Cole Petersen · 4 hours ago · 2 min read · Insights via Messari
While China boasts the largest population in the world, its neighbor, India, comes a close second, totaling more than 1.35 billion people.
And, if one considers that each of these nations is four times larger than, for instance, the US, which represents the world’s largest economy; then, it’s not hard to comprehend the sheer magnitude of the countries’ influence on global topics, such as cryptocurrency.
But, while China has taken a more definitive and dismissive stance on the matter in the recent past, India is less clear on digital monies at present; perhaps, foggy, to say the least.
Please join us for a closer look at the country itself; also, the status quo of crypto within its borders, the way we understand it to be at the moment.
A Brief History of India
Formally known as The Republic of India, the country is situated in South Asia and represents one of the world’s earliest civilizations; of which, archaeologists have traced the roots back as far as 30,000 years.
India derives its name from the Indus River, one of the longest in Asia, which runs through several countries and regions. Historic settlements surrounding the river were originally referred to as “The people of the Indus” by ancient civilizations; hence, the country’s name that mutated therefrom over time.
However, the region, or parts thereof, was also known under different names through the ages, such as Hindustan, given to it by the Persians.
On the political front, the nation has also had a rich, if not tumultuous, history. Apart from changing hands between several rulers of Asian origin, notably the Mughal Empire in the 18th century and the Maratha Empire in the 19th, India was also subjected to British rule for the best part of ninety years.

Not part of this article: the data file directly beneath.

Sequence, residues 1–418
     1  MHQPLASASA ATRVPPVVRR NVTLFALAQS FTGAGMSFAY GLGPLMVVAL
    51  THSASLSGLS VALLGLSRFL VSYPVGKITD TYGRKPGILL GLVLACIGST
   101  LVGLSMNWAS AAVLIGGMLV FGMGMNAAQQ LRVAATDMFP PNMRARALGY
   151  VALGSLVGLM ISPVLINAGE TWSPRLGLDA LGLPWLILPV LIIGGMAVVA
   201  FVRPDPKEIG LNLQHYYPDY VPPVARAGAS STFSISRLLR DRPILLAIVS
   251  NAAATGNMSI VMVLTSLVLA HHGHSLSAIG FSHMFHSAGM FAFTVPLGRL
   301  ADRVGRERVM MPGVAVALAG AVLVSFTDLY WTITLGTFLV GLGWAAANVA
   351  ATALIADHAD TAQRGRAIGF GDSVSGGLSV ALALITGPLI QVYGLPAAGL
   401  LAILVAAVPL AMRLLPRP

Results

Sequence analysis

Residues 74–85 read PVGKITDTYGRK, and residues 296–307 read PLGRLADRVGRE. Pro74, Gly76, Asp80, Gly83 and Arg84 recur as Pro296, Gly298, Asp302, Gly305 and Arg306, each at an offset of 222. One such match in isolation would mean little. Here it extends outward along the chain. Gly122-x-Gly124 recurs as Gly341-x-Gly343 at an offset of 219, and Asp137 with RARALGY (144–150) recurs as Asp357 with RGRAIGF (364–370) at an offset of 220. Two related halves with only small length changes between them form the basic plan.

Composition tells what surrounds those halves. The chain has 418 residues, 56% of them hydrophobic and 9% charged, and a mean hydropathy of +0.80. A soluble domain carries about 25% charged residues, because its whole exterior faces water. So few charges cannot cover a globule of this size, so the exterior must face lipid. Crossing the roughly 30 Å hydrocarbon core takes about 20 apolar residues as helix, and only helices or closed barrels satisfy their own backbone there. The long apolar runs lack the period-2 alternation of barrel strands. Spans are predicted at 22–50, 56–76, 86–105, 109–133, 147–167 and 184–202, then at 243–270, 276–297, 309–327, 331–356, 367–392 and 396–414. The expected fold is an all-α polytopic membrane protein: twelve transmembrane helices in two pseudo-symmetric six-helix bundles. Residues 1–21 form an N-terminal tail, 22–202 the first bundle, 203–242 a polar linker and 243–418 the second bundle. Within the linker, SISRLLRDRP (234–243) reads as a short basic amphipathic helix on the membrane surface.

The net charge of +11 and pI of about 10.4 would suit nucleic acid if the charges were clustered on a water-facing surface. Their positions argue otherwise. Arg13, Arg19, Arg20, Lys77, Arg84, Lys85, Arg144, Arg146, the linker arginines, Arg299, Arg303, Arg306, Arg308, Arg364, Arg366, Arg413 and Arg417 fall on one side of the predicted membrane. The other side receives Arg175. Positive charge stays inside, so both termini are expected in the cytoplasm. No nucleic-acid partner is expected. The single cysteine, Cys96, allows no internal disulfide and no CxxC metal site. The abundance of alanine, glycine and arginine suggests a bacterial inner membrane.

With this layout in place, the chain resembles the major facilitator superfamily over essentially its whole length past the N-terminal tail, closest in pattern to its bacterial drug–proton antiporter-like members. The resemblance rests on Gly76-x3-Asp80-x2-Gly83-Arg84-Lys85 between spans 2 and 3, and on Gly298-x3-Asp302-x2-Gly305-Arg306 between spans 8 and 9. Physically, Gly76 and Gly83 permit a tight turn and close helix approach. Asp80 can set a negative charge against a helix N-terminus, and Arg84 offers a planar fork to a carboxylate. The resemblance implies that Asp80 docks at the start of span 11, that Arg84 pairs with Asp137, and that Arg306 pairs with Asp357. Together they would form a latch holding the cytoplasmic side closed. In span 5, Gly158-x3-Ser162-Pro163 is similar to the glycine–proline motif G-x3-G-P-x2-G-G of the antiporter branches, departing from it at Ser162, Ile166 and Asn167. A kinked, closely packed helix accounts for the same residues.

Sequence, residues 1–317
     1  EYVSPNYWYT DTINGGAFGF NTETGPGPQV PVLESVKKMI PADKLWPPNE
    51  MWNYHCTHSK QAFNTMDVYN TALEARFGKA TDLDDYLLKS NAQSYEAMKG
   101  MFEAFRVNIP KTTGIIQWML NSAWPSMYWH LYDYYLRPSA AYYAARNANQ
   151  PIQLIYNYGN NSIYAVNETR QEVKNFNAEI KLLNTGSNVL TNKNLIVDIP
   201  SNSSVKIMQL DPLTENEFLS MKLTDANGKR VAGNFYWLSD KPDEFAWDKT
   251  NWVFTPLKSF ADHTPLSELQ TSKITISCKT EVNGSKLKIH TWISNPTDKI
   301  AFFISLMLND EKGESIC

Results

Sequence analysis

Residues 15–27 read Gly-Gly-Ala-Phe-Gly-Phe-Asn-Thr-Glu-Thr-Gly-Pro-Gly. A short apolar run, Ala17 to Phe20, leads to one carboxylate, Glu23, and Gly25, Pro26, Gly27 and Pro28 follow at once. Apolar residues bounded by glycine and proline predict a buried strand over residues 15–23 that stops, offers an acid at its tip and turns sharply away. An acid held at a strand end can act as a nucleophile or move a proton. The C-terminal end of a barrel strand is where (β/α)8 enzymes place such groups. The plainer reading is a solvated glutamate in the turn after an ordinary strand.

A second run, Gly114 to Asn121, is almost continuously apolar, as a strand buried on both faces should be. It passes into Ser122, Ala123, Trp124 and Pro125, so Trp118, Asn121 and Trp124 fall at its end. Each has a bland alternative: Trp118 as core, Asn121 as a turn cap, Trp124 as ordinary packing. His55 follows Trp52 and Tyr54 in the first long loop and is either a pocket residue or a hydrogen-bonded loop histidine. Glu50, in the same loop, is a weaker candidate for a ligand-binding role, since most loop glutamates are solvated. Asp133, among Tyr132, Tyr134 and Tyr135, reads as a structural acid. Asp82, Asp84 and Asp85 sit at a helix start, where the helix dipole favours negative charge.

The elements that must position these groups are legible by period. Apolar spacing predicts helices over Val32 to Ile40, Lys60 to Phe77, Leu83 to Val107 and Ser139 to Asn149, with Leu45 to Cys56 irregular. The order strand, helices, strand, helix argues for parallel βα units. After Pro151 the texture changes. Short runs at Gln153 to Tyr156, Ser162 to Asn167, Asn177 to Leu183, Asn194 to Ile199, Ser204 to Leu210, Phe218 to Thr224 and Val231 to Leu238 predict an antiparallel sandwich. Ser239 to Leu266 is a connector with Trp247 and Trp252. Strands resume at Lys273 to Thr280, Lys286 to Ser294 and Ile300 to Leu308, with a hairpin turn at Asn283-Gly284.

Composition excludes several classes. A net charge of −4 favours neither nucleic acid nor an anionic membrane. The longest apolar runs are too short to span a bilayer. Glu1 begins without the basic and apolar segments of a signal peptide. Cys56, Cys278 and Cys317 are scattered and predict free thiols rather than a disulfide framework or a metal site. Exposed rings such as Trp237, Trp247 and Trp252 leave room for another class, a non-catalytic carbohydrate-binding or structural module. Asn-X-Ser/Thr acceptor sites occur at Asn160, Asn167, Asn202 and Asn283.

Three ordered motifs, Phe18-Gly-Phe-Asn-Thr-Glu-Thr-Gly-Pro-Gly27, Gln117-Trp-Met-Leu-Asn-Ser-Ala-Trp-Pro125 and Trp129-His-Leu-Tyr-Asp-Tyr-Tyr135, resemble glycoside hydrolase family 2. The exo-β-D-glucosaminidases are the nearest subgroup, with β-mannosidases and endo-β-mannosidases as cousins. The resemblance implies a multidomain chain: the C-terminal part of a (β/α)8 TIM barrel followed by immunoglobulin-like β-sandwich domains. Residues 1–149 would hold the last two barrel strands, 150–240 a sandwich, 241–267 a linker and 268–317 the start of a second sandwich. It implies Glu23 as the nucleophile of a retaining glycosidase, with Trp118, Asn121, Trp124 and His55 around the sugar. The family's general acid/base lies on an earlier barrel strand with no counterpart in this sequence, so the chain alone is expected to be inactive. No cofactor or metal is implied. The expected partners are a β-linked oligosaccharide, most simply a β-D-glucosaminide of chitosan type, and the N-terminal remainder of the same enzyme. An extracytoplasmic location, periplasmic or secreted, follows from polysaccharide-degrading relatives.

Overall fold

At first, The East India Company, an English joint-stock company, also known as the British East India Company, sailed out to the region purely for trade purposes. However, this soon turned into territorial gain as the Maratha Empire started to fade; and, which led to British Crown rule from 1858.
However, mounting initiatives under the banner of patriotism and nationalism saw the rise of an iconic, native and spiritual leader named Mahatma Gandhi; who’s, tireless dedication to the right of self-determination by his people, eventually saw India gaining independence from British rule in 1947.
Also, the formation of Pakistan, which, at the same time, became a totally distinct & sovereign nation, separate from India.
India became a republic in 1950 and the nation’s highest, legislative authority is its parliament; with, the president as head of state. And, the country further comprises of 29 states and 7 union territories, while New Delhi is its capital and Mumbai the largest city.
The country’s official currency is the Rupee, but India loves crypto too. Although the exact number of digital currency investors in the country could not be reasonably ascertained, online industry and chat forums generally estimate it to be many millions.
India’s Interest in Cryptocurrency
The nation’s rising uptake of digital currencies through the years was further echoed by local media, such as The Times of India, which ran a story during late 2016, under the title, “For these Indian investors, all that glitters is Bitcoin”
And, since then, the upward momentum only continued to strengthen, thereby prompting the Indian daily newspaper, The Economic Times, to write in May last year,
“…a domestic Bitcoin exchange today said it is adding over 2,500 users a day.”